I’ve got another birthday coming up soon, year 53, which I’ll mark in early November. It would be easy to comfort myself in the reassurance that I’m now just “middle aged” but I’ve never been a fan of that ambiguous, squishy phrase which claims that the “middle” of life is between 40 and 60. To me “middle” means just that middle: mid-point, half-way, the exact time between that which was and that which will be.
So if I really were “middle aged” that means I’ll be on this earth ‘til I’m 106! Who knows? That might happen. None of us knows when life will end. I do have a 99 year old grandfather who is still going strong, lives on his own, watches “Jeopardy” on TV every night and even knows most of the answers. I hope I have his genes.
But “middle” aged? Not so much. That train’s left the station. If I go by the average life expectancy of an American male, as reported by the Social Security Administration, statistically speaking I’ve got 29 and a half years left, after having lived 52 years, 51 weeks and one day of life as of today. I’m 64 percent done, 36 percent to go. If were a baseball player I’d be batting in the top of the sixth inning with one out. A golfer I’d be strolling up to 12th hole. A day on the calendar, I’m August 23rd, warm days still hanging on, but nights now cooling down with autumn just around the corner.
The real truth? At 53 I’m now “over the hill”: the point at which I’ve scaled the summit and am now in the final third of my life story. The journey is still so beautiful, the hike is still pretty challenging but the majority of life is behind me and so the question is: how do I deal with this reality? Accept or not accept just where I find myself on the hill called human life?
Human age and aging is a funny thing. When young our days seem to unfold so slowly. Then it takes so darn long to get to the next birthday, or to Christmas morning, to be big enough, old enough to take off the training wheels, to stay up or out late, to drive a car, to drink, to finally be on our own. Then we look up at that big hill and wonder if we’ll ever make it to the top. Remember?
And then we do reach the summit and before we know it, the journey downward commences and then life kind of flies by. I look in the mirror now and see a beard that’s now gone all white—when did Santa Claus show up in my bathroom? The music on the radio is no longer familiar, the “hip” jeans no longer fit, not by a long shot, and the years seem to pile up so quickly. Wasn’t I just 30? 40? That kid I dropped off at college? I can still feel their tiny hand in mine on the day I walked them into their pre-school classroom for the first time. Remember?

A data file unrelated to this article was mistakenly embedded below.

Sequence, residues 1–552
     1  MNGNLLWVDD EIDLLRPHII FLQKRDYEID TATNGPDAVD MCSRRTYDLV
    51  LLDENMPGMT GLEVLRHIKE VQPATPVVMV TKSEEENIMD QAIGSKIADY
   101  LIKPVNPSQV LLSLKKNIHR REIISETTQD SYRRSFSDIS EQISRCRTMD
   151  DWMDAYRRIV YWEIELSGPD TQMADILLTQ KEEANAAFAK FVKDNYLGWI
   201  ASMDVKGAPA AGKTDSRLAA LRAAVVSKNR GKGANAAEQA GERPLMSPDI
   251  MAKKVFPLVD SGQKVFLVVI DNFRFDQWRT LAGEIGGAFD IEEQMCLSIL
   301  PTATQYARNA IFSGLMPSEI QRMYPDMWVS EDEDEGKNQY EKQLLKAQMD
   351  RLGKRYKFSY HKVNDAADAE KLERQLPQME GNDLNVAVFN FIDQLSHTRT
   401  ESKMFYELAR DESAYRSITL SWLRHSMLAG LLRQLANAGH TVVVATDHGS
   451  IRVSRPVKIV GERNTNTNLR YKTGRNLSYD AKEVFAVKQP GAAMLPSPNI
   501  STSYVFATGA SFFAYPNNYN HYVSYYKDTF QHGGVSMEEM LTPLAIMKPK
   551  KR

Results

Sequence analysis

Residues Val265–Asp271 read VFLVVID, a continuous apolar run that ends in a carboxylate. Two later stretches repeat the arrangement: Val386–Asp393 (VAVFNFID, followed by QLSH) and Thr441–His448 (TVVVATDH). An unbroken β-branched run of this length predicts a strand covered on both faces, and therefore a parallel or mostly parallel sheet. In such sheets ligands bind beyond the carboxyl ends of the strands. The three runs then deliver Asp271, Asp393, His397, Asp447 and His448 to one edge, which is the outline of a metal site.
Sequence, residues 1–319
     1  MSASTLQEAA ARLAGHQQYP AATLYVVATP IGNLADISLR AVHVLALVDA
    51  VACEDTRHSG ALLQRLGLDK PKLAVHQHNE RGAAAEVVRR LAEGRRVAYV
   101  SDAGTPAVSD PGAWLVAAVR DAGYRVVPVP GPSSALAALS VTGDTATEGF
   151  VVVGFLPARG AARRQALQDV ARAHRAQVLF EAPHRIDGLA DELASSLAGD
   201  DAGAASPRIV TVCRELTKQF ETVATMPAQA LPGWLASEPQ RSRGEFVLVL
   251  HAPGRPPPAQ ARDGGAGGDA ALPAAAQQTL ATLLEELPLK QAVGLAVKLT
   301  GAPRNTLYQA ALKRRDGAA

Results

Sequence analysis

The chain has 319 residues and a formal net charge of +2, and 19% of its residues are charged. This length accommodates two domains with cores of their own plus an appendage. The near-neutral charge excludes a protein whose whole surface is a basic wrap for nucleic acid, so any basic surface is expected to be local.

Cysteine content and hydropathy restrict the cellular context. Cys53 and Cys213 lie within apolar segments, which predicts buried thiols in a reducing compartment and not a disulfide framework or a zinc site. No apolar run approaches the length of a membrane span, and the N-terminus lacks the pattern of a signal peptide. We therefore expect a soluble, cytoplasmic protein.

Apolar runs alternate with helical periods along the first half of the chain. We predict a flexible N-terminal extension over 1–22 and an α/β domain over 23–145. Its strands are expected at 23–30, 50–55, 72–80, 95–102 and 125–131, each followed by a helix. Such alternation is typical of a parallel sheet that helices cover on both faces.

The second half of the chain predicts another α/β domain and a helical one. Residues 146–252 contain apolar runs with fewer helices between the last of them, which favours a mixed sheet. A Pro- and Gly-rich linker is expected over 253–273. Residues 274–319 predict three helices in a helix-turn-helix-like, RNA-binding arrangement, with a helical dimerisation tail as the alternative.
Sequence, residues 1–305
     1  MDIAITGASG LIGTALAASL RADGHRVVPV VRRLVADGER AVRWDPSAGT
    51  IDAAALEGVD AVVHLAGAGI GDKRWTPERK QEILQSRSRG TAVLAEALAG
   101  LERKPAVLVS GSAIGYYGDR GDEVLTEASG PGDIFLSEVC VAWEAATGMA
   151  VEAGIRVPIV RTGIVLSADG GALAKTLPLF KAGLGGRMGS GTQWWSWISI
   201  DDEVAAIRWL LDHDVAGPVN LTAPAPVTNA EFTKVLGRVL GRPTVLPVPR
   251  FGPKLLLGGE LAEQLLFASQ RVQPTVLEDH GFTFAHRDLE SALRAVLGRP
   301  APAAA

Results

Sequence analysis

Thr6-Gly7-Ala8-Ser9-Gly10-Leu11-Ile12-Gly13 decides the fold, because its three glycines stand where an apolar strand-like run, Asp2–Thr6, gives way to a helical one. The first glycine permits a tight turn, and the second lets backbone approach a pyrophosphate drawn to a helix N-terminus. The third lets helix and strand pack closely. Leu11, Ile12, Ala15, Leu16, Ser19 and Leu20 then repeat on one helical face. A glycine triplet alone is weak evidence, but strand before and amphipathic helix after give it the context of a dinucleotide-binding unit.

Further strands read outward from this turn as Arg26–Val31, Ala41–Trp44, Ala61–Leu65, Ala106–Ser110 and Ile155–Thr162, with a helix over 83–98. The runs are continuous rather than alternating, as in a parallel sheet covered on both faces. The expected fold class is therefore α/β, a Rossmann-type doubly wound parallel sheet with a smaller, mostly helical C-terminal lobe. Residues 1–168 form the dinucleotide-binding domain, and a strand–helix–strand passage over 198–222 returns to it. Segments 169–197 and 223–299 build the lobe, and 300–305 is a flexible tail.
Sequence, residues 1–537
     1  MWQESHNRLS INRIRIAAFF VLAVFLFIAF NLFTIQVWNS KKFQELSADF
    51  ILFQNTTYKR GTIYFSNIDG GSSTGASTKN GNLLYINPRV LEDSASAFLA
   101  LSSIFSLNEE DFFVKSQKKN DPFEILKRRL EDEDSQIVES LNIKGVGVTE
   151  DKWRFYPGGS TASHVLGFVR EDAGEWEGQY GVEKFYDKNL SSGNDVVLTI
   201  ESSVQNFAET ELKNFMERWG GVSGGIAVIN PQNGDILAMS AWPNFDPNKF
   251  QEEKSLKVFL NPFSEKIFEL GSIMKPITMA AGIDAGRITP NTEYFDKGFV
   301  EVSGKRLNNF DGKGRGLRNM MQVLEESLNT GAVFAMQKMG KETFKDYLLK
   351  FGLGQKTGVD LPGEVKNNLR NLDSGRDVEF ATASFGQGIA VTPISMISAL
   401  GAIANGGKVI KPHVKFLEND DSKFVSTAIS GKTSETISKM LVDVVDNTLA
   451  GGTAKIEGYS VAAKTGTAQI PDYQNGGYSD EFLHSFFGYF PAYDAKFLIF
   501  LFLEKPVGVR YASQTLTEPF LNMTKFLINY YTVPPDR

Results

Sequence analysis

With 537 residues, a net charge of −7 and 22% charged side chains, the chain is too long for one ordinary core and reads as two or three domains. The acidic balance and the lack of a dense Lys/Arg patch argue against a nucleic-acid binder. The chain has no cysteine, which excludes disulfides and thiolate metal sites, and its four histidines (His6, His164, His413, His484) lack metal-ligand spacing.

This tension of aging always comes to us in one God given truth. We are created by God with infinite spirits yet finite bodies. Spirits which soar anchored within containers which have an absolute expiration date. Souls inside of us which never seem to change but shells outside which weather and wrinkle and wear down. “Over the hill”….
Last week I reunited with a group of longtime clergy friends. Each year for the past twenty years, three times every year, we reunite for twenty four hour retreats. In two decades we’ve climbed some very big hills together. Three marriages, one divorce, one adoption, ten births, and eighteen job changes. Caring for aging parents. Saying goodbye to Mom or Dad one last time. Health scares. Churches: dying or growing or both, often very fast. We’ve morphed from young firebrands seeking radical change to seasoned veterans sometimes fearing change.
Would I go back and change that climb up the hill? Not one bit. I’m where I’m at, now over the hill, and I’m liking it, some days actually loving it.
How about you? Where are you at on the hill called human life? A quarter of the way along on the trail, boots laced up tight, sailing upwards? Half way up, taking a short rest perhaps? On the peak and taking in an amazing vista? Or starting down on the other side, over that hill?
The hill is non-negotiable. But how we hike it—that’s up to each of us. As the songwriter James Taylor wrote, “The secret of life is enjoying the passage of time. Any fool can do it. There ain't nothing to it. Nobody knows how we got to the top of the hill. But since we're on our way down we might as well enjoy the ride.”
See you on the trail.